February 23, 2011

did you eat your veggies today?

Zürich is full of surprises, little ones. Yesterday I happened upon a community garden, bordered between the city and the forest, on the hill East of downtown. My first thought was wow, how unexpected, yet beautiful (especially in the snow)and my second thought was, I want one! The garden is arranged in small plots, each with a miniature house properly sized for holding a couple of chairs, farm tools and a grill. It must be an unbelievable site in the blooming season. The snow and brisk breeze gave it a quiet and peaceful feeling. I didn't see anyone else in the garden, just one beautiful red fox, who slipped away before I could snap a photo of him. I came home with a red nose and chilled fingers and was desperate for something warm, comforting and full of veggies, so I made sausage stuffing. It was a delicious meal, although it would have been better if I had grown the vegetables myself. Perhaps next year when I figure out how to get one of these little plots and then learn to garden.
This is Zürich so don't expect to garden at your leisure, there are rules!
1) you have to have something planted by June 1st and keep it planted all summer long
2) you can only plant tall crops where they will not shade a neighboring plot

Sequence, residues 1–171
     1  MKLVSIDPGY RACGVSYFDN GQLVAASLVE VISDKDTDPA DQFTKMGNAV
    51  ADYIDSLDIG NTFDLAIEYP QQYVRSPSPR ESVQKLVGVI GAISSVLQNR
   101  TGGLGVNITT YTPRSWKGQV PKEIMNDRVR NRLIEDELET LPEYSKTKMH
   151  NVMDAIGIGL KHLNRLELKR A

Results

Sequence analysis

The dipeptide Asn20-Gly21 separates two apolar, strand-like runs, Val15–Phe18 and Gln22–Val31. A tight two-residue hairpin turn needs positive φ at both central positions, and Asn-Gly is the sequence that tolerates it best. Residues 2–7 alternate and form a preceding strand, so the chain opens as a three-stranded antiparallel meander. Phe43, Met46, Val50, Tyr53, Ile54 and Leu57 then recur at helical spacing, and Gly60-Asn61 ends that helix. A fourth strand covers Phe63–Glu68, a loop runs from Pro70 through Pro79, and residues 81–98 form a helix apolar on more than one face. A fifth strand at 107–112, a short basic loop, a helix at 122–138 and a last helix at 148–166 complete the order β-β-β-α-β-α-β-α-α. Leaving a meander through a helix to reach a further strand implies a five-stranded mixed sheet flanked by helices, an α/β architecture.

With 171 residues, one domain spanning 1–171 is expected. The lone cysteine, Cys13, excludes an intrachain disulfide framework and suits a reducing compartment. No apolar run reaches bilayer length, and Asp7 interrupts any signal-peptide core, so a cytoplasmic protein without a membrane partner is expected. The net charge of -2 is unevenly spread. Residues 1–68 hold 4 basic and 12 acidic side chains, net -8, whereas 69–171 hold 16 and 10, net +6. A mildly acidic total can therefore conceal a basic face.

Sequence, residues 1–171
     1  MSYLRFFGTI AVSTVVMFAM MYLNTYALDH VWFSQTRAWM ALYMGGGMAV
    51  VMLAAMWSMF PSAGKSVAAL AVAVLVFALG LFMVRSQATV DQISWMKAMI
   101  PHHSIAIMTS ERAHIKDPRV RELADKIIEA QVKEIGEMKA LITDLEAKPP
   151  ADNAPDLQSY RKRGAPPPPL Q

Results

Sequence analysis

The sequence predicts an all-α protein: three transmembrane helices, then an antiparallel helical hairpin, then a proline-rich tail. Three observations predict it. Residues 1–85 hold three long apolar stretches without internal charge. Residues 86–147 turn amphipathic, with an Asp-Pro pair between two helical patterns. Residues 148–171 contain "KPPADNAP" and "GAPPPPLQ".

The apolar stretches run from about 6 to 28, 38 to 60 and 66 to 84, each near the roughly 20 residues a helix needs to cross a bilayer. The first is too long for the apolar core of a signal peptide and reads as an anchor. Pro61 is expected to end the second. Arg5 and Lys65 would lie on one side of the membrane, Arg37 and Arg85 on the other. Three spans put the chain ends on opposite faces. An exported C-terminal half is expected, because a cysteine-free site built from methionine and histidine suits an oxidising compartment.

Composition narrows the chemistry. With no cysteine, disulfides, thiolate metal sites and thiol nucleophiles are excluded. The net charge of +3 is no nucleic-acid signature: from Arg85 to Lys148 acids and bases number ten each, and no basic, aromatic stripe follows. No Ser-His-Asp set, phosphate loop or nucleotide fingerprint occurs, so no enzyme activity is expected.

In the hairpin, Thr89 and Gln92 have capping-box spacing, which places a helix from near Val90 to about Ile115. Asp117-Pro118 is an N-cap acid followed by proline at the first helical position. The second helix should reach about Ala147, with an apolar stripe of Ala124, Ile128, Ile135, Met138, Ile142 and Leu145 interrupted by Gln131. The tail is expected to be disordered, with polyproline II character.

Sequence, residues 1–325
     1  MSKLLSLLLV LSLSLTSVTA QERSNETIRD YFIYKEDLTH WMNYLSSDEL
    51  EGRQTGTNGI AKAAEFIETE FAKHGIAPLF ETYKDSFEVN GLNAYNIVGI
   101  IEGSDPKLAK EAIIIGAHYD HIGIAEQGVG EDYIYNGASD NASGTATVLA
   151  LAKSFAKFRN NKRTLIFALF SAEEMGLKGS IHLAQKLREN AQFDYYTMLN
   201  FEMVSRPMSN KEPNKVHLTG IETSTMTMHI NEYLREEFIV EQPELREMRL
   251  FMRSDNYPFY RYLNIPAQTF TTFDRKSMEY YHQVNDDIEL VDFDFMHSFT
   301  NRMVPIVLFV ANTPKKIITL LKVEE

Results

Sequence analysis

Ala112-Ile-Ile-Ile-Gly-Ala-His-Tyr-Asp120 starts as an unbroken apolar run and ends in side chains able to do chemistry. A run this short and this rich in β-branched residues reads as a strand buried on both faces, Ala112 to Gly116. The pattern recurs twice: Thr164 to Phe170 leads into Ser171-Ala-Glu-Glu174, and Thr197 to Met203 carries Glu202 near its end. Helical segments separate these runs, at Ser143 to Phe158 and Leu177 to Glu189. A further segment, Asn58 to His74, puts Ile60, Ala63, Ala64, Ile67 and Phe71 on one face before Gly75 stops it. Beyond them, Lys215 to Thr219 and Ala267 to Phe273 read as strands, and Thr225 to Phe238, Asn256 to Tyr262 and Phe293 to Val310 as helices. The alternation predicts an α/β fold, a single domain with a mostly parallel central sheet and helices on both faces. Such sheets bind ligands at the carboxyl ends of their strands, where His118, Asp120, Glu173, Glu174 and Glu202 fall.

3) If the plot becomes unkempt you will be given 2 weeks notice to clean it up, if you don't it will be reassigned.
4) you must keep weeds down
etc, etc, etc
I have seen a few other community gardens, mostly out of the train window, but this one is special. Sandwiched between the city and the forest, and terraced on a hill, it draws you in and pulls you through it's stone pathways and grassed lanes.
This image on the left, which appears to be lettuce is actually Brussels sprouts. The German word for them is Rosenkohl, which is really only a touch more appetizing than Brussels sprouts. I'm not sure what the vegetables in the pictures below are, but perhaps one of you can educate me. This was my favorite little garden. The stone pathways and the terraced gardens make it both beautiful and inviting. The plot is small, but the garden is big.